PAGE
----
Older borrowers need a lasting Power of Attorney, warn solicitors

Robyn Hall

August 25, 2016

Housing, rental, leasehold, management fees

Moore Blatch solicitors is warning mortgage brokers that all older borrowers, or borrowers carrying their mortgage forward post age 65, should consider having a Lasting Power of Attorney (LPA) in place. 

This follows a recent announcement by the Building Societies Association that more than half its members will now lend to borrowers up to or beyond the age of 80.

Despite the trend towards older mortgage borrowing, Moore Blatch warns that some clients may become unable to manage some, or all, of their financial affairs at some point during their retirement due to physical ill-health or a lack of mental capacity.

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According to the NHS, the risk of Alzheimer’s disease and getting other types of dementia increases with age, affecting an estimated one in 14 people over the age of 65 and one in every six people over the age of 80.

LPAs allow a person to appoint a third party (attorney) to make decisions about their health & welfare as well as finance and property if they are no longer able to do so themselves. In the context of mortgage borrowing this includes both managing their repayments and the means by which they make those repayments.  Without an LPA the account receiving the rent and/or paying the mortgage may be frozen which could lead to an individual or couple defaulting on their mortgage.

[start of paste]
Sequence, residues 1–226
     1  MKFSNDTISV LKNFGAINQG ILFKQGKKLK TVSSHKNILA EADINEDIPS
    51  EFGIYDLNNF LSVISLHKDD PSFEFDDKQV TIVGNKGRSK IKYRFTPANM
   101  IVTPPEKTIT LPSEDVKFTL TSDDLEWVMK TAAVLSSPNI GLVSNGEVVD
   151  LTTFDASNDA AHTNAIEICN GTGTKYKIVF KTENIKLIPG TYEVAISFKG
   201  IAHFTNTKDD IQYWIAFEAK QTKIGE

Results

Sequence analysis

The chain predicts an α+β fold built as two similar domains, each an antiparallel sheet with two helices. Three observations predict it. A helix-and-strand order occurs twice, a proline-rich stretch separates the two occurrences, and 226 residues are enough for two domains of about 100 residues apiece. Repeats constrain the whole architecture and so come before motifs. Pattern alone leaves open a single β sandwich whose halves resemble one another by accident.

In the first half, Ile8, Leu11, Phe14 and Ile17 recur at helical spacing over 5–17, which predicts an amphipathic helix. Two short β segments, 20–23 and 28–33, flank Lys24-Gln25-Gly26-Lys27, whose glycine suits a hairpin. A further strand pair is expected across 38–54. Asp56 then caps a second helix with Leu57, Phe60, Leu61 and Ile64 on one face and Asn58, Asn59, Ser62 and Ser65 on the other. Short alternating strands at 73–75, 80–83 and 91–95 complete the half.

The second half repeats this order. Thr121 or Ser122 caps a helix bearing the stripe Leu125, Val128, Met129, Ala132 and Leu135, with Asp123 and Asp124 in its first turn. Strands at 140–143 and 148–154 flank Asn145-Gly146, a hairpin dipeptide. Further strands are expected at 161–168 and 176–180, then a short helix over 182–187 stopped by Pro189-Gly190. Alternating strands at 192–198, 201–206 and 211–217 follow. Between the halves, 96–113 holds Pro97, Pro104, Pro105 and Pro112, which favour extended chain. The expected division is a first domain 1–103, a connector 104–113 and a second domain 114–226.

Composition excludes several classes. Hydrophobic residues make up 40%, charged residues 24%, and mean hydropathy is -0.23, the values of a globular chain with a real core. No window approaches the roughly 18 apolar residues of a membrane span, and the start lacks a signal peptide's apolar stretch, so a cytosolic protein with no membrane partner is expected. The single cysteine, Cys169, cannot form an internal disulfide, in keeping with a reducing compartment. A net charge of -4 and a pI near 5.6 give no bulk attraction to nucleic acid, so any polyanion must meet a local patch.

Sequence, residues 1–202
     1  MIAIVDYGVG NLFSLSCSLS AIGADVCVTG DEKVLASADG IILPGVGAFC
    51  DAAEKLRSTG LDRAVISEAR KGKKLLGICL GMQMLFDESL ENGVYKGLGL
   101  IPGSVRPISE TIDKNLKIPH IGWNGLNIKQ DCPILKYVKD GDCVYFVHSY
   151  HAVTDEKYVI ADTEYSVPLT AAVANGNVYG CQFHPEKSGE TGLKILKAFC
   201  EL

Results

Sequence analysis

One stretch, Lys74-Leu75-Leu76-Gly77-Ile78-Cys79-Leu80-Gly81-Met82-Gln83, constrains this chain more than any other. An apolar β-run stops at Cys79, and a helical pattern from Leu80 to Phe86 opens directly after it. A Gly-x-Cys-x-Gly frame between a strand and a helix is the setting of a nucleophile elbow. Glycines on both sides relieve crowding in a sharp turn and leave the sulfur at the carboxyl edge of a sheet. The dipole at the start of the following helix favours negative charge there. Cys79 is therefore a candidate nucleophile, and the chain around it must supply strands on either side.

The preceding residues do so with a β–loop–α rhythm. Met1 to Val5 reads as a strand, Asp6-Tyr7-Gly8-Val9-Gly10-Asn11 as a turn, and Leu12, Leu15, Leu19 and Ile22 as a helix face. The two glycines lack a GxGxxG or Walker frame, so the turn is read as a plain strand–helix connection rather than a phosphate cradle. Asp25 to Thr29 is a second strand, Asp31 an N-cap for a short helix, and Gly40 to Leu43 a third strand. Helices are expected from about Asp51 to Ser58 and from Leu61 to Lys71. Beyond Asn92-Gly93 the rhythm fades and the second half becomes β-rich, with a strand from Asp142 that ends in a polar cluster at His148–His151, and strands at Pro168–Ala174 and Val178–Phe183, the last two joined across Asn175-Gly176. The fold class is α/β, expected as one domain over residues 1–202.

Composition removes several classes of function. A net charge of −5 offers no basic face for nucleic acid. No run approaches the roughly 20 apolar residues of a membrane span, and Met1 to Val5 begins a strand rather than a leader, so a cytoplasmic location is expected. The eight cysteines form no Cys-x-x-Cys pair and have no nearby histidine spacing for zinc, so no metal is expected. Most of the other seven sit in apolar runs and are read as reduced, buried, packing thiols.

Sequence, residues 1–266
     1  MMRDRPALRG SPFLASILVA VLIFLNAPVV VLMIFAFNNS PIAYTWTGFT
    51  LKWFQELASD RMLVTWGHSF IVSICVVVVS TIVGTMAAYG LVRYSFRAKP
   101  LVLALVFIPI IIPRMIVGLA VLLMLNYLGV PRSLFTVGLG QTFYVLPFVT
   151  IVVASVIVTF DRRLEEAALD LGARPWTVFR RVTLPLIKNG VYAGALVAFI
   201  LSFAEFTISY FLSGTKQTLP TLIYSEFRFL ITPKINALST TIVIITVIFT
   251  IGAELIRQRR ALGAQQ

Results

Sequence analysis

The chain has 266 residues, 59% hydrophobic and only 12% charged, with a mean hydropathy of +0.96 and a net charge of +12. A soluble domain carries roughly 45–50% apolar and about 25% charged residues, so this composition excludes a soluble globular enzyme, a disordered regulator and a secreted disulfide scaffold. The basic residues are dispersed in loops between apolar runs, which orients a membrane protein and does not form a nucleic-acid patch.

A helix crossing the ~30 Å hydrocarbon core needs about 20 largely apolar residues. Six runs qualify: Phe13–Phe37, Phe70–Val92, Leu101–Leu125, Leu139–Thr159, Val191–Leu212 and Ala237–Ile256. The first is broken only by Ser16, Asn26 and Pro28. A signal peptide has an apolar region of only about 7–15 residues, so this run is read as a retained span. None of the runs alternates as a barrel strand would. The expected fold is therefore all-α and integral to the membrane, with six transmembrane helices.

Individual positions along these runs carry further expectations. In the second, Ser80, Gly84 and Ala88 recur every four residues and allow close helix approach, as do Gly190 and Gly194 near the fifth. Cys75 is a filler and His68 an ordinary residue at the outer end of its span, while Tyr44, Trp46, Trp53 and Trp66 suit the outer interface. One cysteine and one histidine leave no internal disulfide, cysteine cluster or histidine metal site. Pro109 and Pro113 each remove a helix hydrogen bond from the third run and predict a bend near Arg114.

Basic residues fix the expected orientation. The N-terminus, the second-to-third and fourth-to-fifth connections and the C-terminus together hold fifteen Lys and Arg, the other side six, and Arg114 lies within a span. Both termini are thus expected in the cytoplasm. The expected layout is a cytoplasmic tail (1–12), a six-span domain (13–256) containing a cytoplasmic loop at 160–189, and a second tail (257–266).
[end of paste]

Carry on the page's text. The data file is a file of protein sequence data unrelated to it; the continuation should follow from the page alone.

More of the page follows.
Fiona Heald, partner in the Court of Protection team at Moore Blatch, said: “We would recommend that most people have the security of a Lasting Power of Protection in place, but particularly those who borrow at an older age.

“There is still a general lack of awareness of LPAs and why you might need one.  It is far easier than most people realise to have an LPA drafted by a solicitor and put in place and it is especially important for protecting your assets.”